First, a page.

12. 12. A No Nonsense Approach to Objectively Evaluating Your Information Security Readiness © 2015, togoCIO. All rights reserved. Page | 12 poorly secured servers we find. The material in this section applies to cloud-based systems and servers as well. 11) Have All Server Default Passwords Been Changed? No server should have the original or default passwords. Hackers read the manuals, and they know the defaults. The same applies to passwords for any network devices. In conducting a security analysis for a customer recently, we broke into their wireless network within about 30 seconds because of the default password being in use. 12) Are Server Patches Up to Date? A large percentage of security breaches occur because a hacker who gets into a network is able to access information on a server via known vulnerabilities. HP's recent Cyber Risk Report 2015 14 showed that most of the vulnerabilities exploited in 2014 were years or even decades old, with patches readily available. Again, this recommendation applies to network devices. In just the past few weeks, D-Link was forced to release patches for various network devices for vulnerabilities rated 10 out of 10 by the United States Computer Emergency Readiness Team (US-CERT). 15 Based on our experience, very few device owners will ever apply these patches. 13) Are Server Logs Routinely Monitored? In many cases, server logs will show you that hacking attempts are occurring before they succeed. They can also be helpful in identifying server hardware issues before they become serious. Sadly, most such logs never get opened. There are a large number of products on the market to handle log consolidation, and in some cases log analytics. 16 These systems gather entries from logs on various systems, and consolidate them into a single log. This makes log review quicker and easier. In some cases, there packages to perform some analytics, allowing them to highlight the entries of particular concern. One example of log consolidation products is Loggly 17, a cloud- based system with free and purchased versions available. 14) Is Key Server Data Encrypted? If you store Personal Identifying Information (PII) for customers or employees, it needs to be encrypted, in case the server is compromised.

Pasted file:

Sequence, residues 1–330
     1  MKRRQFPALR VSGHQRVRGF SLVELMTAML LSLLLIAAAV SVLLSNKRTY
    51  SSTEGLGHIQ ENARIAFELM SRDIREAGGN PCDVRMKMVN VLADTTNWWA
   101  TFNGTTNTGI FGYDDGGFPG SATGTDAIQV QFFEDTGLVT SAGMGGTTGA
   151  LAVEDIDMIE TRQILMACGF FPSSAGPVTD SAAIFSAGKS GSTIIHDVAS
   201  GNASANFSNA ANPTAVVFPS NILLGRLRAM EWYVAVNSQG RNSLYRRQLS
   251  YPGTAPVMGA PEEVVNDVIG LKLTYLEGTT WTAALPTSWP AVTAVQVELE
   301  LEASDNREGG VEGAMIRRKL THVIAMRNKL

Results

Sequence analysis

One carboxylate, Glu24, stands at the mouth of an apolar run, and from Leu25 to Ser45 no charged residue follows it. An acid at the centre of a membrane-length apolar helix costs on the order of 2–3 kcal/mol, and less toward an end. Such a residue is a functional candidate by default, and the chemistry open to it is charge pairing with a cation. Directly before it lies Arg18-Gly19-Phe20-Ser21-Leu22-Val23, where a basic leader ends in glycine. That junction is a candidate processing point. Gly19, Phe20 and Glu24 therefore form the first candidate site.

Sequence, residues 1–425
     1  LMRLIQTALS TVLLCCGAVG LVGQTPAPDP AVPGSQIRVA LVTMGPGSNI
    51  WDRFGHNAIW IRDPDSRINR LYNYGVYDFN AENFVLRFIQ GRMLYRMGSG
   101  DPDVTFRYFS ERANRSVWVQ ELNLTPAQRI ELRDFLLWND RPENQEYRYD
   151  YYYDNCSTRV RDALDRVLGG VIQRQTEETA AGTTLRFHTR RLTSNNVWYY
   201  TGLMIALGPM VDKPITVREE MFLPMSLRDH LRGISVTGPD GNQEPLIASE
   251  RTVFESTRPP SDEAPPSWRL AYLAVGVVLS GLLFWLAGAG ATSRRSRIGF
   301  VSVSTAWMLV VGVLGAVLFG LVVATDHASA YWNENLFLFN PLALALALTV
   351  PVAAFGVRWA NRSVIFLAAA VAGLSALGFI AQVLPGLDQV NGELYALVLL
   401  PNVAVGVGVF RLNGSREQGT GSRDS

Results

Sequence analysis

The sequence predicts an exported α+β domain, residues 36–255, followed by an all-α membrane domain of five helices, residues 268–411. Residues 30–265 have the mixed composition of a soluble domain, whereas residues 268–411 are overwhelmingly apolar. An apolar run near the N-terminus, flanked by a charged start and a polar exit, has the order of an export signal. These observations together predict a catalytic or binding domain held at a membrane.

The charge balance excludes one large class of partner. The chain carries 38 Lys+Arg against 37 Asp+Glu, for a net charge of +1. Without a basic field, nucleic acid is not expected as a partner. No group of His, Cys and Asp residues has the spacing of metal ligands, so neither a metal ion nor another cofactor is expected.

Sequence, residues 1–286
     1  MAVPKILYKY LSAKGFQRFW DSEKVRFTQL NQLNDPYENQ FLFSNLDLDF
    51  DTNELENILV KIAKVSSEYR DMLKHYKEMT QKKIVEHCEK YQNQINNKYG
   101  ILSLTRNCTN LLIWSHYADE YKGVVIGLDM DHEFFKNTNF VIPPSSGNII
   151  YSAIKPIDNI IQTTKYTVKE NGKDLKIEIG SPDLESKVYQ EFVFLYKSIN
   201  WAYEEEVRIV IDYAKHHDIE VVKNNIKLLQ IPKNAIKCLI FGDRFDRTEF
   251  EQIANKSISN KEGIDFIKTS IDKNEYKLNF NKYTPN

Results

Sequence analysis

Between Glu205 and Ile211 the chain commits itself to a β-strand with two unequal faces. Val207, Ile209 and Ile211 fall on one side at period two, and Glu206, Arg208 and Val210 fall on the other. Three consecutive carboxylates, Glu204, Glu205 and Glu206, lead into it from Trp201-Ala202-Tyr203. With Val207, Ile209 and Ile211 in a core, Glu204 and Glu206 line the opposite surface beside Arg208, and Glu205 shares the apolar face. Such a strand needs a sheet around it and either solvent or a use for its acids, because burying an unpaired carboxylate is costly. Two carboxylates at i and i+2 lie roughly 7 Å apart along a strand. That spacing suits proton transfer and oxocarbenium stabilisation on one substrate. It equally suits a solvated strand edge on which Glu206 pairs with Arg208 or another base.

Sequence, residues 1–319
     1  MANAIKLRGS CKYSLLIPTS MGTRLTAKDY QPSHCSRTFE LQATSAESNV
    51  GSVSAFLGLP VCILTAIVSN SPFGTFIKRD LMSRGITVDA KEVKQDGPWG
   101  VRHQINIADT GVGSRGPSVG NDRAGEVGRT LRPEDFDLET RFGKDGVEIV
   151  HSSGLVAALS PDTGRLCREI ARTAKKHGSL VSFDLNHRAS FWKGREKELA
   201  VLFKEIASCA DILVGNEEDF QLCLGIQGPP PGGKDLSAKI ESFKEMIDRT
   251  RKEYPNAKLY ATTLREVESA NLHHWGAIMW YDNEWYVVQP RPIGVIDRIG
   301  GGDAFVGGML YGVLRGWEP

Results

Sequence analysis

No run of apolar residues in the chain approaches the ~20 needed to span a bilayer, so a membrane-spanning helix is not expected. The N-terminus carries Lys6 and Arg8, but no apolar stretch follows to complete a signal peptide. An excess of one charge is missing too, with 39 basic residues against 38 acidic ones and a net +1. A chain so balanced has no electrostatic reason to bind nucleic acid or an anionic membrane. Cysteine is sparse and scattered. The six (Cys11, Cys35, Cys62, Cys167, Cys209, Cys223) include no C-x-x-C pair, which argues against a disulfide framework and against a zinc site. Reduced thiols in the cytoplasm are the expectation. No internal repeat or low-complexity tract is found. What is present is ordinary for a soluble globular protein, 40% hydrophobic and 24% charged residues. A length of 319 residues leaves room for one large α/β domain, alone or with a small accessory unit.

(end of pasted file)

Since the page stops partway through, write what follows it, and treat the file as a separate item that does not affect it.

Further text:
13. 13. A No Nonsense Approach to Objectively Evaluating Your Information Security Readiness © 2015, togoCIO. All rights reserved. Page | 13 Fortunately, many server operating systems (including Windows) have some encryption capabilities built in. These features just need to be enabled. 18 Workstation Security Your PCs connect to your network and systems. A compromised PC can allow a hacker to gain access to everything to which it is connected. Many vulnerabilities result from web sites visited, or files downloaded, making PCs the front line of your cyber war battle. 15) Is Anti-Virus Software Installed and Updated on EVERY Workstation? This seems obvious, but is overlooked with surprising frequency. Don't forget that even if a PC came with such protection, it usually expires after some number of months, and must be renewed. According to a recent article by Tom's Guide 19, expired anti-virus software is no better than none at all. Buy a uniform package for all of your PCs, and make sure it stays deployed on all PCs. For small organizations, Microsoft allows their Security Essentials product to be used without charge for up to 10 workstations. 20 16) Is a Patch Management Process in Place? New vulnerabilities are found in operating systems and software every week. Even Apple, once considered immune to such issues, is now releasing frequent patches. It is essential that each PC on your network have patches applied as they are released. Some process must exist to check them periodically to ensure this is happening. If this seems like a daunting processes, you will be relieved to know that a variety of products exist to simplify this process. As an example, ManageEngine offers such a product with additional asset management features, which is free for up to 25 workstations. 21 Dell offers an express version of their excellent KACE asset management product as a free download. 22 Network Security You probably don't leave the front door to your house unlocked, and neither should you fail to give proper attention to the security of your network., which is the front door to your business technology. This is arguably the easiest part of this checklist to address, because of the robust set of products available to do it.